DT 26726 (Hints)

Daily Telegraph Cryptic No 26726 (Hints)

The Saturday Crossword Club

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As is usual for the weekend prize crosswords, an assortment of clues, including some of the more difficult ones, have been selected and hints provided for them.

Don’t forget that you can give your assessment of the puzzle. Five stars if you thought it was great, one if you hated it, four, three or two if it was somewhere in between.

Could new readers please read the Welcome post before asking questions about the site.

Most of the terms used in these hints are explained in the Glossary and examples are available by clicking on the entry under “See also”.

A full review of this puzzle will be published after the closing date for submissions.

Across

1a           How Red Arrows fly — low-down (11)
Split as (2,9) this is how the red arrows fly – on its own it means low-down or facts

11a         Cleese top comic in shower of stars (9)
An anagram (comic) of CLEESE TOP gives an instrument that shows the stars

18a         Harmonic apparent on single (8)
This harmonic is a charade of an adjective meaning apparent or evident and a single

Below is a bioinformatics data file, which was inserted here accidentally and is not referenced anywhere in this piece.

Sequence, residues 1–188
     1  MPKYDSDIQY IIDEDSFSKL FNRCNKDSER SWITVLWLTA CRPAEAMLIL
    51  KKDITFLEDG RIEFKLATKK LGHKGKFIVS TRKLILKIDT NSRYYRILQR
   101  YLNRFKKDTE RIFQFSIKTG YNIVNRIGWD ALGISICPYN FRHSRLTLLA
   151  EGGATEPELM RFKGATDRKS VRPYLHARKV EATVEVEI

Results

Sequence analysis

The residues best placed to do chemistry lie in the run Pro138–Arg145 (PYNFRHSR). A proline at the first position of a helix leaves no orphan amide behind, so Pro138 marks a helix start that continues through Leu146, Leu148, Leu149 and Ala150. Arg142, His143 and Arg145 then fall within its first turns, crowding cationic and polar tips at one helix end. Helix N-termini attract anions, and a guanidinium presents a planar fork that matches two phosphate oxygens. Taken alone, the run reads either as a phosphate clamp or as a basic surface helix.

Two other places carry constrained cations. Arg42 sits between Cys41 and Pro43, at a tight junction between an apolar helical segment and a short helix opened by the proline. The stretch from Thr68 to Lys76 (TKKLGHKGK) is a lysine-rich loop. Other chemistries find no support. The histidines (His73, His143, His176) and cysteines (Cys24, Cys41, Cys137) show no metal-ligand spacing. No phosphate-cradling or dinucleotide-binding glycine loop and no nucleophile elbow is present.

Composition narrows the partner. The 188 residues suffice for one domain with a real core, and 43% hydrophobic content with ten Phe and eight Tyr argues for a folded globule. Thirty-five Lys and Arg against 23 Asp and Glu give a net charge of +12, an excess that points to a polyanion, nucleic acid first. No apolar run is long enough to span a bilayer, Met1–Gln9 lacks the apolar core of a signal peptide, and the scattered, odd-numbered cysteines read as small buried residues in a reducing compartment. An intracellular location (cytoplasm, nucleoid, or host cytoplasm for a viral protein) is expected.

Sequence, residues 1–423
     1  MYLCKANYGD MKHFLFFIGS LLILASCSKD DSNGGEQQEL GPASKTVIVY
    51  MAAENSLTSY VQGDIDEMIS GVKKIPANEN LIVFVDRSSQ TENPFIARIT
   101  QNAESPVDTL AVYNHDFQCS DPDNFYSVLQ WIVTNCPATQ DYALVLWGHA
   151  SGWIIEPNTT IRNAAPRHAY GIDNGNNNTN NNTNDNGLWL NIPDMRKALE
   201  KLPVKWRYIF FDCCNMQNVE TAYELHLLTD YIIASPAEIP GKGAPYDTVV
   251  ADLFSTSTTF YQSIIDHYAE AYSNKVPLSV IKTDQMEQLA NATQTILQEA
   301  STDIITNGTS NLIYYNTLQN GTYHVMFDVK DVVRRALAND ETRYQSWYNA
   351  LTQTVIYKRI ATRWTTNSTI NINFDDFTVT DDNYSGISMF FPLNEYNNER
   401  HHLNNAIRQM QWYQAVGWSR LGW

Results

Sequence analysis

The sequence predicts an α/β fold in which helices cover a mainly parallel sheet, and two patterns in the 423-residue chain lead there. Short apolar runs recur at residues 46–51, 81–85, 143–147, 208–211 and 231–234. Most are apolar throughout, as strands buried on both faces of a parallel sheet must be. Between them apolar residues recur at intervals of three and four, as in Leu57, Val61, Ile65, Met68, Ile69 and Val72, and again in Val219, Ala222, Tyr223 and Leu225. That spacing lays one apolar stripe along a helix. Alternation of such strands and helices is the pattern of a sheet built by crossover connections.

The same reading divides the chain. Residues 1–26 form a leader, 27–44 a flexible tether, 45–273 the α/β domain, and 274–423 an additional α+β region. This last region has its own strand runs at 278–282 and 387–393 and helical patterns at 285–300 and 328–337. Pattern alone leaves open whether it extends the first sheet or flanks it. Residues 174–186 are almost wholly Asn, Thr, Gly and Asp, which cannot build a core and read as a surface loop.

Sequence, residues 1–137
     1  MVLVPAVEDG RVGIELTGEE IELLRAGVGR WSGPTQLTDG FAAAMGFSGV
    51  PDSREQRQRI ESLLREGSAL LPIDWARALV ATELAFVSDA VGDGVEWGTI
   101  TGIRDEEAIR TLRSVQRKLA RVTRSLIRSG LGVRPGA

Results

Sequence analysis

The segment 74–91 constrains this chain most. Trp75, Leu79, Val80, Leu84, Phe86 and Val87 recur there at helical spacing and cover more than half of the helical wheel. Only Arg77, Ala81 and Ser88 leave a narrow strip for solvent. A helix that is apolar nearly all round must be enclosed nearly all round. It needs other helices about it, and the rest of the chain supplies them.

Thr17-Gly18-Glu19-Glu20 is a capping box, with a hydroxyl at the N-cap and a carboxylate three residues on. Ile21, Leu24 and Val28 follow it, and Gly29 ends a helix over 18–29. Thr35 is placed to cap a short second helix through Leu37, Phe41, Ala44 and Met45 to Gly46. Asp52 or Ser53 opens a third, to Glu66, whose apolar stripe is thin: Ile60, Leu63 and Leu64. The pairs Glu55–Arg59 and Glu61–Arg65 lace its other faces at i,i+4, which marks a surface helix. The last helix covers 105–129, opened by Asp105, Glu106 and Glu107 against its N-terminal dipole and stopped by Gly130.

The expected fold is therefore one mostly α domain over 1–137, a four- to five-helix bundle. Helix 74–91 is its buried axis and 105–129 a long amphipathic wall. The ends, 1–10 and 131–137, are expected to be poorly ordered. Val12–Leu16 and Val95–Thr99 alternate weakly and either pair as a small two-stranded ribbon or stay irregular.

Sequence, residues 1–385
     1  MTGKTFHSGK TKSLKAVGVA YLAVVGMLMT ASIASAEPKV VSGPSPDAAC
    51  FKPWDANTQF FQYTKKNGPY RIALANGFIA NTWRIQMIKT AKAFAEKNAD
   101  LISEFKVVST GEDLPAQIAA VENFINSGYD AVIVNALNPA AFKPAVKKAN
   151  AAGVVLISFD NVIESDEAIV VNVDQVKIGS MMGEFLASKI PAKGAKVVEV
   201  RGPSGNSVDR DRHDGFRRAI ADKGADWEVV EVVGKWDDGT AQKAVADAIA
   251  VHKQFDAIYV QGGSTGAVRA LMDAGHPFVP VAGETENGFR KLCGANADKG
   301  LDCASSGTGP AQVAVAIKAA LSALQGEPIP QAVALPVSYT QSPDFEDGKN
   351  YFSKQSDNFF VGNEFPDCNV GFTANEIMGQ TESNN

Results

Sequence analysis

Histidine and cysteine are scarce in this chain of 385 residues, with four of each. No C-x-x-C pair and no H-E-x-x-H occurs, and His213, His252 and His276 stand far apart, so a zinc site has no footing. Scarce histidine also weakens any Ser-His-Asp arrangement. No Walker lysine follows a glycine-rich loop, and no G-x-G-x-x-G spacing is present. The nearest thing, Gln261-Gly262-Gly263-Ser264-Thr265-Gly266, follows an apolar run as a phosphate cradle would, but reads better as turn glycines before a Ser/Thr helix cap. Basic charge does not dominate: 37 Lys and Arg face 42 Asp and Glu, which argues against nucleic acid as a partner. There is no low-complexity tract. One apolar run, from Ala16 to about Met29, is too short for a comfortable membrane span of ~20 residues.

27a         See trailers — perhaps with these (5)
A charade of a two-letter word meaning to see and trailers, perhaps for movies, gives what may be found in the kind of trailers that are towed by vehicles

28a         Harry kept me working in very big shop (11)
An anagram (working) of HARRY KEPT ME gives a very big shop

Down

2d           From Orion a direction opposite the zenith (5)
Hidden inside(from) two of the words of the clue is the  point of the heavens diametrically opposite to the zenith

5d           Mrs Simpson allowed to set up message (8)
Start with a charade of the name of Homer Simpson’s wife and a word meaning allowed or permitted the reverse the lot (set up in a down clue) to get an old-fashioned message – remember when these used to be delivered by a Royal Mail motorcyclist?

7d           Fixed seat with unsound piece of wood having got men in (6,7)
This seat in Parliament that where the choice of MP was typically in the hands of one person or family is constructed from a word meaning unsound or inferior followed by a piece of wood, typically one still growing on a tree, into which some men or soldiers (the ones that are not officers) are inserted

22d        Device to bind up hay without a motor initially (6)